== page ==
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Redis Replacement


Key architectural differences between Hazelcast and Redis include:

  • Language: Hazelcast is written in Java, while Redis is implemented in C.
  • Threading: Redis is single-threaded. Hazelcast can benefit from all available CPU cores.
  • Design: Hazelcast is designed from the ground up to be used in a distributed environment; Redis was initially intended to be used in standalone mode. Clustered Redis does not support SELECT command, meaning it only supports a single DB (namespace) per cluster. In contrast, Hazelcast supports unlimited number of maps and caches per cluster.
  • High availability: more on this in failover section.



  • The easiest option is multicast discovery, where members use multicast UDP transmission to get to know each other automatically without any additional configuration.
  • It is also possible to specify the member addresses manually through TCP. Providing just one working address will be enough regardless of whether your cluster consists of three or thirty nodes.
  • For cloud deployments, Hazelcast supports automatic discovery of its member instances on Amazon EC2 and Google Compute Engine
  • Hazelcast provides a Discovery Service Provider Interface (SPI), which allows users to implement custom member discovery mechanisms to deploy Hazelcast on any platform. Hazelcast Discovery SPI also allows you to use third-party software like Zookeeper, Eureka, Consul, etcd for implementing custom discovery mechanism.


  • A Redis client connects to a Redis cluster through a TCP connection. There is no provision for discovering Redis servers on a multicast UDP network.
  • Redis does not provide an automatic discovery mechanism for any cloud provider, which makes it difficult to use in custom cloud deployments.
  • Establishing a Redis cluster is not straightforward — one needs to launch a special utility script while specifying all member addresses. This utility script (“redis-trib.rb”) is written in Ruby and thus requires additional Ruby runtime dependencies (script is included in Redis distribution).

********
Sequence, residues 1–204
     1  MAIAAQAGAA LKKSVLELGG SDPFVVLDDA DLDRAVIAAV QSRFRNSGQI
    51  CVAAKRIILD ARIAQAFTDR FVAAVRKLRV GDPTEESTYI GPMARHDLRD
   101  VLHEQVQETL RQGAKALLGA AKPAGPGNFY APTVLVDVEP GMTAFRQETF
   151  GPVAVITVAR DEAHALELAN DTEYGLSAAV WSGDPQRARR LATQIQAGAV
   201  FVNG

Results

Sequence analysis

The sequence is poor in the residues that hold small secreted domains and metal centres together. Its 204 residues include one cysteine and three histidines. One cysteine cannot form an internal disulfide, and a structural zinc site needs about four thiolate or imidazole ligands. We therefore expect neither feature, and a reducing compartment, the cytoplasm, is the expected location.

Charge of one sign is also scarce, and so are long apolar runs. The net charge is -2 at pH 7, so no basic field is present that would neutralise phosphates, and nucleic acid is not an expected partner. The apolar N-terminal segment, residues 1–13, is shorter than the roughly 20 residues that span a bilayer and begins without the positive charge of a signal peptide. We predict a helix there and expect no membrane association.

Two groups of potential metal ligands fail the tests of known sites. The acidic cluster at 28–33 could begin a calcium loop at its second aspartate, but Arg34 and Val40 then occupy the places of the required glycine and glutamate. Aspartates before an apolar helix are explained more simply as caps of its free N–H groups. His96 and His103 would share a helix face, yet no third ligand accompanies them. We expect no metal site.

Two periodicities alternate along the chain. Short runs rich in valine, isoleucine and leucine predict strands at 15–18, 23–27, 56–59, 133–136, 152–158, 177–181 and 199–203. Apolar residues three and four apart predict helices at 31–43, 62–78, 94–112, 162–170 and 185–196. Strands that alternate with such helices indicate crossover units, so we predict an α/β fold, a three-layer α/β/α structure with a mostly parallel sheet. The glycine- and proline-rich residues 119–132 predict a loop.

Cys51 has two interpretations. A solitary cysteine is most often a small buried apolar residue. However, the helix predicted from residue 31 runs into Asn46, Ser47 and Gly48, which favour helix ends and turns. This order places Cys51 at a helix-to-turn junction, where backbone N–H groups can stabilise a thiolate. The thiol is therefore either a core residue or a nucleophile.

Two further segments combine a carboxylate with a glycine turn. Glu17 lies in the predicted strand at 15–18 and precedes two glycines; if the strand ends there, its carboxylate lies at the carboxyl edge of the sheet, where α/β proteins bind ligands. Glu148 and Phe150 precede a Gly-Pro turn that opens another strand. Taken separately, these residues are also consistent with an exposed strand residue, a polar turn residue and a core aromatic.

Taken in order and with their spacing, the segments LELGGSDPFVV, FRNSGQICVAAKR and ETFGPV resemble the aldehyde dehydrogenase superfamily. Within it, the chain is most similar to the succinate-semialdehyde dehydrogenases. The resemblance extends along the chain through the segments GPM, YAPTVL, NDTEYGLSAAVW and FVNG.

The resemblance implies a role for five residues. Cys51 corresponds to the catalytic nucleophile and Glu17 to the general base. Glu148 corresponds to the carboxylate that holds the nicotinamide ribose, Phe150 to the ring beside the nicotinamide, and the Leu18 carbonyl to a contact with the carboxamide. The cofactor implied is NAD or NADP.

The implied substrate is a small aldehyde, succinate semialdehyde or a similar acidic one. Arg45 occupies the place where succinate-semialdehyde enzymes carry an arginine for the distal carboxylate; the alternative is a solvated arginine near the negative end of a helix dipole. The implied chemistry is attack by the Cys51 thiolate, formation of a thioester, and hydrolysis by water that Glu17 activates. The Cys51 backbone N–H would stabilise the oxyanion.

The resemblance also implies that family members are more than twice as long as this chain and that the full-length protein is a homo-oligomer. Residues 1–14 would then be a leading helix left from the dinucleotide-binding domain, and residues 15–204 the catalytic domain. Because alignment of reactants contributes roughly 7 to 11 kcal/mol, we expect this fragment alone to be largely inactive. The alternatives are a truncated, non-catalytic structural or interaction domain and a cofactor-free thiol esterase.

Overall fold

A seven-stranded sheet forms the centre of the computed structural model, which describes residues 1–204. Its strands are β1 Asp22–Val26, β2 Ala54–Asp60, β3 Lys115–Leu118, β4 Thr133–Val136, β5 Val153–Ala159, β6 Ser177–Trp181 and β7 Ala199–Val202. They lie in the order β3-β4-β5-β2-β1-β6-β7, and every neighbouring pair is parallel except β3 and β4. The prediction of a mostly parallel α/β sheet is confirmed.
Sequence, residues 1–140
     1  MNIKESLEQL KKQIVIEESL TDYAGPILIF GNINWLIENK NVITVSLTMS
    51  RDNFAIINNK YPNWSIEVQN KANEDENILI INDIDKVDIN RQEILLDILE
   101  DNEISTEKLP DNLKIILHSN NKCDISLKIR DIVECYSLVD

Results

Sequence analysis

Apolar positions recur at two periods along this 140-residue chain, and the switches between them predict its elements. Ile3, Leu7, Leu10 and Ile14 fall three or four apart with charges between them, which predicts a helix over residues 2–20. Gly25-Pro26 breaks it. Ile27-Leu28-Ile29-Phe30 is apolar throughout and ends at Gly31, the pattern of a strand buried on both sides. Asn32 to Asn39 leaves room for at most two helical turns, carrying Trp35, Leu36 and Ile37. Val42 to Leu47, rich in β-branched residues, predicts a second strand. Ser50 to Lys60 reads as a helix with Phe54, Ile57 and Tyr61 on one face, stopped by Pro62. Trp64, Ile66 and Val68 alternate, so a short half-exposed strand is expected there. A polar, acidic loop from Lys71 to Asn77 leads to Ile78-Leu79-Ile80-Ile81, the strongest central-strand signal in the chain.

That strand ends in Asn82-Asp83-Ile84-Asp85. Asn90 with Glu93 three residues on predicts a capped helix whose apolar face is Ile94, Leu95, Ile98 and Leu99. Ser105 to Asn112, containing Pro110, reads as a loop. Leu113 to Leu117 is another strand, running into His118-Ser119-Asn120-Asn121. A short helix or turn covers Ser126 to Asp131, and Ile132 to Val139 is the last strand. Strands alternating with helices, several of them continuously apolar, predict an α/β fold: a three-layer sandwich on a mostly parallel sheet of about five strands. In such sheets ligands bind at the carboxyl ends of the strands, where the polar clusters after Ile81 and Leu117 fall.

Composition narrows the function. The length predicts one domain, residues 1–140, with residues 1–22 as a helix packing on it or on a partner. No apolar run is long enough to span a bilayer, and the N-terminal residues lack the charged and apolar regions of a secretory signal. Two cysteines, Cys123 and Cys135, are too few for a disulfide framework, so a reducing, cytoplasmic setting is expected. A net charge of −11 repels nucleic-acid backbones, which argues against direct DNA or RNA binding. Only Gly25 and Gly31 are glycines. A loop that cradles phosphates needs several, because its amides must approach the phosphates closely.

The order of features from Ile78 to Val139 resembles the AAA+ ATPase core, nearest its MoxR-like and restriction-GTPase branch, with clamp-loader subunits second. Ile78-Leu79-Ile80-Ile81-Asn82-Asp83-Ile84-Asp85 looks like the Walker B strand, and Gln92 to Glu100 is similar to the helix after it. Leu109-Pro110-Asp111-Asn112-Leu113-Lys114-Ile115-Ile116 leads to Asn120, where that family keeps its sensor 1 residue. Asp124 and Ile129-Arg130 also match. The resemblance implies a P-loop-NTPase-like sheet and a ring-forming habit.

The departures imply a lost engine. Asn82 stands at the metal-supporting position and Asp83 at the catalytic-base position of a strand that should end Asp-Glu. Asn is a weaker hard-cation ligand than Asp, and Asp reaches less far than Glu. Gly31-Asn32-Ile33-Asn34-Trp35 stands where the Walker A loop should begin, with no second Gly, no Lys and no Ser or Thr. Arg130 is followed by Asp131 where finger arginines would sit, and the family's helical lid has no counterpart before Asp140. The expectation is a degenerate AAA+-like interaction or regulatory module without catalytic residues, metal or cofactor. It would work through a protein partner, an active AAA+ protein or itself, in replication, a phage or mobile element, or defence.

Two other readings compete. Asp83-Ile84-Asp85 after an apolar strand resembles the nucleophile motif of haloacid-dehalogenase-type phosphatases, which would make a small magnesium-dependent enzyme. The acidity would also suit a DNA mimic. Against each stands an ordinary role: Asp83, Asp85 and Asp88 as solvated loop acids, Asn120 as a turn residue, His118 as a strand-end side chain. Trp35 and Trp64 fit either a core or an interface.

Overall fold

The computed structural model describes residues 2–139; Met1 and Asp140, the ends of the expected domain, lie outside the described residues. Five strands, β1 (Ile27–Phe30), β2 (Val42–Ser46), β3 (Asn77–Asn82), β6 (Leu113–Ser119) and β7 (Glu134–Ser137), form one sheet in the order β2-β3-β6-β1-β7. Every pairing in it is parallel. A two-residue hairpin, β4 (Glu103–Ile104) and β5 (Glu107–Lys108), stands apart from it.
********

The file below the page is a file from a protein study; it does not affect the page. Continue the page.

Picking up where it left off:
Adding a node to the Hazelcast cluster is super easy — just launching the node with the proper configuration does the job. Removing a node is also remarkably simple — just shutdown the node and the data is recovered on other nodes from backups.

In both cases, Hazelcast automatically rebalances the data across all available server nodes, without affecting the availability of the data.

On the other hand, adding a node to a Redis cluster is not as convenient — the user has to use the utility script to manually introduce a new member and then re-partition the cluster with the same script. Removal in Redis is similar, but the order of operations is different — repartition, make the cluster “forget” about the node, and only then shutdown.


We have performed several tests to compare the performance of Hazelcast Java client to Jedis, the most widely used Java client for Redis.

See the Redis vs Hazelcast Benchmark for the performance comparison.


When it comes to providing fault-tolerance, Redis uses a traditional master-slave approach, where each primary site for the data is backed up by one or more slaves that are promoted if the master goes down.

In a Hazelcast cluster, all members are equal and hold primary data as well as backup of the primary on other members in the cluster. Thus, Hazelcast requires fewer physical machines to establish the same level of resilience. Also, Redis slave nodes do not process read requests, which reduces the throughput of the entire system.